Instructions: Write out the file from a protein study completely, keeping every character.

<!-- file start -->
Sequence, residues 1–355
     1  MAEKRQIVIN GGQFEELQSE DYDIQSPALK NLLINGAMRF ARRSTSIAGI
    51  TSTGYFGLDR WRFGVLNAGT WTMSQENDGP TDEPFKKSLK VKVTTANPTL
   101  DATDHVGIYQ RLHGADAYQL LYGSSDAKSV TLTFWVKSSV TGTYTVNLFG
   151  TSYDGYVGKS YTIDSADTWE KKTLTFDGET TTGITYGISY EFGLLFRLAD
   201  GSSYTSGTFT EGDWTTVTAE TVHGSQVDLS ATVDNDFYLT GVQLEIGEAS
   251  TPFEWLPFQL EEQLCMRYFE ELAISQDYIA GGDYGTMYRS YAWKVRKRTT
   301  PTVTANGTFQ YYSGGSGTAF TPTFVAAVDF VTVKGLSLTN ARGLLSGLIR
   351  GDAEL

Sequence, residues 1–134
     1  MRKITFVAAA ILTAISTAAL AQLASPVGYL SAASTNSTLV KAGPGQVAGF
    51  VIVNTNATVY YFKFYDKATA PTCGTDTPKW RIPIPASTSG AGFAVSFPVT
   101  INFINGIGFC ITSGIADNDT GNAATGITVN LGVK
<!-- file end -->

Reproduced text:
Sequence, residues 1–355
     1  MAEKRQIVIN GGQFEELQSE DYDIQSPALK NLLINGAMRF ARRSTSIAGI
    51  TSTGYFGLDR WRFGVLNAGT WTMSQENDGP TDEPFKKSLK VKVTTANPTL
   101  DATDHVGIYQ RLHGADAYQL LYGSSDAKSV TLTFWVKSSV TGTYTVNLFG
   151  TSYDGYVGKS YTIDSADTWE KKTLTFDGET TTGITYGISY EFGLLFRLAD
   201  GSSYTSGTFT EGDWTTVTAE TVHGSQVDLS ATVDNDFYLT GVQLEIGEAS
   251  TPFEWLPFQL EEQLCMRYFE ELAISQDYIA GGDYGTMYRS YAWKVRKRTT
   301  PTVTANGTFQ YYSGGSGTAF TPTFVAAVDF VTVKGLSLTN ARGLLSGLIR
   351  GDAEL

Sequence, residues 1–134
     1  MRKITFVAAA ILTAISTAAL AQLASPVGYL SAASTNSTLV KAGPGQVAGF
    51  VIVNTNATVY YFKFYDKATA PTCGTDTPKW RIPIPASTSG AGFAVSFPVT
   101  INFINGIGFC ITSGIADNDT GNAATGITVN LGVK